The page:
What is in this article?:
- California Supreme Court: Restaurants must provide, not ensure employee breaks
- The ruling's requirements
In a long-awaited and closely watched case, restaurant employers garner favorable ruling
The California Supreme Court on Thursday offered a qualified ruling in favor of employers in a long-awaited meal-and-rest break lawsuit involving Chili’s parent Brinker International Inc.
In a decision that many hope will bring clarity to state break requirements and reduce the number of lawsuits that have plagued the restaurant industry, the court said employers across the state need not ensure that workers actually take mandated 30-minute breaks during their shifts.
Employers, however, must make meal and rest breaks available within a certain time during shifts, and they must also keep records of such breaks, the ruling said.
Attorneys for Brinker said they were glad to finally have a decision, which was handed down from the Brinker Restaurant Corp. et al v. The Superior Court for the State of California for the County of San Diego.
The court’s action was seen as a victory for Brinker, though aspects of the case will return to the lower court to play out in light of Thursday’s ruling.
“We’re very pleased that our team members and employees have the flexibility to take or not take their meal breaks,” said Roger Thomson, Dallas-based Brinker’s executive vice president and general counsel.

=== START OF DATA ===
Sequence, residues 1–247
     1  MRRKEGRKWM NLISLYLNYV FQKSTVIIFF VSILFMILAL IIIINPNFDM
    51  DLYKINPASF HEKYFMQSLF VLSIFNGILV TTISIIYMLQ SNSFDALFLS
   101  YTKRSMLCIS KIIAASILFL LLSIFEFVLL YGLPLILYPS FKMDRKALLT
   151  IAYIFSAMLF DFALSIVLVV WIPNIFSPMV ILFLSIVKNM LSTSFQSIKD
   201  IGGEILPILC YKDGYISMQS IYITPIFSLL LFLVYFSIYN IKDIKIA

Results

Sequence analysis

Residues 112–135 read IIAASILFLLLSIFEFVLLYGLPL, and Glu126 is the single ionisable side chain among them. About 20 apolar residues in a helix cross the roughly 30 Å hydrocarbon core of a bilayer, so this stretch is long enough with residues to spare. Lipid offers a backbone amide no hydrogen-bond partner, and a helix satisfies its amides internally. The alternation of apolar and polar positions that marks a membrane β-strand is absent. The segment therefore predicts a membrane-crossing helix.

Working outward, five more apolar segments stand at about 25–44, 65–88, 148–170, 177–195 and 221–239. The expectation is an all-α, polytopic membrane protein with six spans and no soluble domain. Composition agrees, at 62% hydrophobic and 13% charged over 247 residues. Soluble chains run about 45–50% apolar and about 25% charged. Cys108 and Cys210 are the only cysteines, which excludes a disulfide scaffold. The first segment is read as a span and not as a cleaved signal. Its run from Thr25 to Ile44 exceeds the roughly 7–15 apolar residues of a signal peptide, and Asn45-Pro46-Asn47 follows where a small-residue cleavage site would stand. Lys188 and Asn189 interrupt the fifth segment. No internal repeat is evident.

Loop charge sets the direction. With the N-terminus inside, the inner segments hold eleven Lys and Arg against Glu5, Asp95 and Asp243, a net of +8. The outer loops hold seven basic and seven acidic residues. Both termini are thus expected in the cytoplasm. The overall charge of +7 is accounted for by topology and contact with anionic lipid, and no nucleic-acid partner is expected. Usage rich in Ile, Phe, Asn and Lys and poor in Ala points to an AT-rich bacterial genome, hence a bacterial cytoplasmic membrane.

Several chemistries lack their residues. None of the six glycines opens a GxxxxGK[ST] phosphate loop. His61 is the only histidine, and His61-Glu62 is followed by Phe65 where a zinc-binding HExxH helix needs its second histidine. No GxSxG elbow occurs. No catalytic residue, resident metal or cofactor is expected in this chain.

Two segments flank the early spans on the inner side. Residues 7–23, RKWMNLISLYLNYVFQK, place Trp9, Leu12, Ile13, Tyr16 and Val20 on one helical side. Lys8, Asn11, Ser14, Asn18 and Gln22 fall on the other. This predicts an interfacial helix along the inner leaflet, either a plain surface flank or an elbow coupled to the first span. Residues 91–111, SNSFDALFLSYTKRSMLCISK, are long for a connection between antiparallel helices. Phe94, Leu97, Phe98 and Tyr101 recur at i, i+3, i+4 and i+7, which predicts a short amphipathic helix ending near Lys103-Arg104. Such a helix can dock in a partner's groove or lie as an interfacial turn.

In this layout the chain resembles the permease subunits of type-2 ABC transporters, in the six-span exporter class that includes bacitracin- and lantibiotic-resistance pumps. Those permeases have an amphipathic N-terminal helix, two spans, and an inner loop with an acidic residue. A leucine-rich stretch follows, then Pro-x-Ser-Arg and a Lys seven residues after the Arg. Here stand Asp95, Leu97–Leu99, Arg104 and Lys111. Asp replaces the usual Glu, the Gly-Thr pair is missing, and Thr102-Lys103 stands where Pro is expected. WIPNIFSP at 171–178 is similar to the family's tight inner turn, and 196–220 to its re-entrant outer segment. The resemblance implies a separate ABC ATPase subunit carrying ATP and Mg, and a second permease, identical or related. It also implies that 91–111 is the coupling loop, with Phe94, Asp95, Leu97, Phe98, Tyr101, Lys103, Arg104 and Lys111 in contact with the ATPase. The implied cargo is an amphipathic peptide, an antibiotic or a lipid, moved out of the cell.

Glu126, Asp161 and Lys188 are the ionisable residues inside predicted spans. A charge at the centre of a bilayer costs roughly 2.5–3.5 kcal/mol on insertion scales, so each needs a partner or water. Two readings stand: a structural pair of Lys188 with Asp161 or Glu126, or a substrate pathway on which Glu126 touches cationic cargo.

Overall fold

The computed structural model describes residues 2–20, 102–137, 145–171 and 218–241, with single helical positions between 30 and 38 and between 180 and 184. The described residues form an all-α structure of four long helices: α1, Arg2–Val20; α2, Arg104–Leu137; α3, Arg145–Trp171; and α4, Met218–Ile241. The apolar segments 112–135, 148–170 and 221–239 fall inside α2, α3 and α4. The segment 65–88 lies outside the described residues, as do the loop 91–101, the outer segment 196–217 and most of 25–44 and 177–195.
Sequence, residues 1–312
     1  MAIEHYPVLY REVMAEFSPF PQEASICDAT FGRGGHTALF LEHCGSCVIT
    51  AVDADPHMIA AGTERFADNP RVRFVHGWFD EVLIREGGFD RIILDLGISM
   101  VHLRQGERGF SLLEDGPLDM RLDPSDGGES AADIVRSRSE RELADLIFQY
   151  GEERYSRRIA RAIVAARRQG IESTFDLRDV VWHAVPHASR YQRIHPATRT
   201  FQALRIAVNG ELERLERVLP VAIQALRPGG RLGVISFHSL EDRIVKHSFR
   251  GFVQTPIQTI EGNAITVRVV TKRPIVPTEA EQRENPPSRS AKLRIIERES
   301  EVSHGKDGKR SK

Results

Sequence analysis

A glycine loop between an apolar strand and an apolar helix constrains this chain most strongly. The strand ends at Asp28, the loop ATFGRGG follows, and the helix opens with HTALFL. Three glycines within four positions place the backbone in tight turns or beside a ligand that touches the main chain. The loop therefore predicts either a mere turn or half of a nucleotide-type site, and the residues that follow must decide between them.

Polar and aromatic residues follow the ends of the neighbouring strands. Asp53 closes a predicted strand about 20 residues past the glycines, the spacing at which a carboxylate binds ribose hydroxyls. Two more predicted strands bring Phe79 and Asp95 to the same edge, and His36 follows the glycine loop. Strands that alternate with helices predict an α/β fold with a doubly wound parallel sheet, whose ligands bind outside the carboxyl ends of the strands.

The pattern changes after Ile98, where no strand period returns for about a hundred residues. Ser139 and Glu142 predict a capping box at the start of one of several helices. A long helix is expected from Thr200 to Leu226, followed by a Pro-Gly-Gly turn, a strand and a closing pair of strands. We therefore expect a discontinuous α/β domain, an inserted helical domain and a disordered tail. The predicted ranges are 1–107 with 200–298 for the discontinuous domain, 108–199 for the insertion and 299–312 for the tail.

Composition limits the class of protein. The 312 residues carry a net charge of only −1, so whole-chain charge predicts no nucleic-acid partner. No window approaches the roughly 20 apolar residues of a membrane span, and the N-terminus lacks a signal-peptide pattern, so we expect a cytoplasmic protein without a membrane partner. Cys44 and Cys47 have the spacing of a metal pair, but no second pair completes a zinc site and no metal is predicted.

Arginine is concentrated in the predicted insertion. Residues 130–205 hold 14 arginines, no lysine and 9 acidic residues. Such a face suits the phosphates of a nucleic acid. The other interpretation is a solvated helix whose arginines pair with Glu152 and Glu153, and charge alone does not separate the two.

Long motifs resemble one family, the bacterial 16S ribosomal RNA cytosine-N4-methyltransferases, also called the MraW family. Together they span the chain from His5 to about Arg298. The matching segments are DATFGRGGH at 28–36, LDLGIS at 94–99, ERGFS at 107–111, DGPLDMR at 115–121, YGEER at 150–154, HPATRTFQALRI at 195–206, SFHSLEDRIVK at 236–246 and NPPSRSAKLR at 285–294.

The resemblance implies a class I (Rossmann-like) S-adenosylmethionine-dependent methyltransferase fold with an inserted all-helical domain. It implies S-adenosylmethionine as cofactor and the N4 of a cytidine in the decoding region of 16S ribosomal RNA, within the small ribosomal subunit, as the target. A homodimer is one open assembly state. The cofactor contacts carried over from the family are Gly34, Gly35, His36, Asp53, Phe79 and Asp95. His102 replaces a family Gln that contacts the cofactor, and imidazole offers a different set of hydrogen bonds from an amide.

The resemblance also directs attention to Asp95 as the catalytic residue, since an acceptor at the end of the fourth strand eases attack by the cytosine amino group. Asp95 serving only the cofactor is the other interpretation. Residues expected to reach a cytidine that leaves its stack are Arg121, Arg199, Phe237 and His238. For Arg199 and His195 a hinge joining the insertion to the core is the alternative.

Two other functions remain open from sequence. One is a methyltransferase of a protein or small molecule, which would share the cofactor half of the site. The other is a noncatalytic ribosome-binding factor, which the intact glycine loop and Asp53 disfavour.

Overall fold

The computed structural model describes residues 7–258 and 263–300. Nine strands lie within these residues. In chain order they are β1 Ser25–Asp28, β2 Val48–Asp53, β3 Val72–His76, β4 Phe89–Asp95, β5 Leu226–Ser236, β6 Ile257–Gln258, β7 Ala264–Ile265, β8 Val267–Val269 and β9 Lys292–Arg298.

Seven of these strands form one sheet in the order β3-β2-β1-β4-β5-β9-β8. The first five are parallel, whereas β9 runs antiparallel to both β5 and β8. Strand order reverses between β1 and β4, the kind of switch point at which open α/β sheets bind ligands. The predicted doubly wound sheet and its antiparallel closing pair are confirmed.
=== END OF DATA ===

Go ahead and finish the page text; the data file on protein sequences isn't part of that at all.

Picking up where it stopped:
Steven Katz, an attorney with Reed Smith in Los Angeles, said the ruling was “a clear victory for common sense.”
By allowing employees an opportunity for a meal break, but not forcing them to take a break they may not want, “the court declared the law to be precisely what employees and employers have always thought: it is the employee’s choice to take a meal break, not something forced on employees by the government.”
- Meal break lawsuit could affect California restaurants
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Steve Hirschfeld, founder and chief executive of the San Francisco-based labor and employment attorney network Employment Law Alliance, agreed, adding, “What this ruling says, in essence, is that employers don’t have to babysit employees.
“As long as they make available meal and rest periods and encourage their usage, they are not liable for claims brought by employees that they did not receive them,” Hirschfeld said. “Employers are not going to be in a situation where they have to act like ‘big brother’ and constantly monitor employees.”
A key question before the court was whether employers must ensure that employees take an uninterrupted 30-minute break at specific times during their shifts, or simply to make such breaks available, allowing workers to pass on such breaks if they choose.
The case stems from a lawsuit filed in 2004 by five Chili’s employees who charged that the company illegally denied them breaks for every five hours worked. The complaint was later certified as a class-action suit that was estimated to include potentially up to 63,000 current and former employees.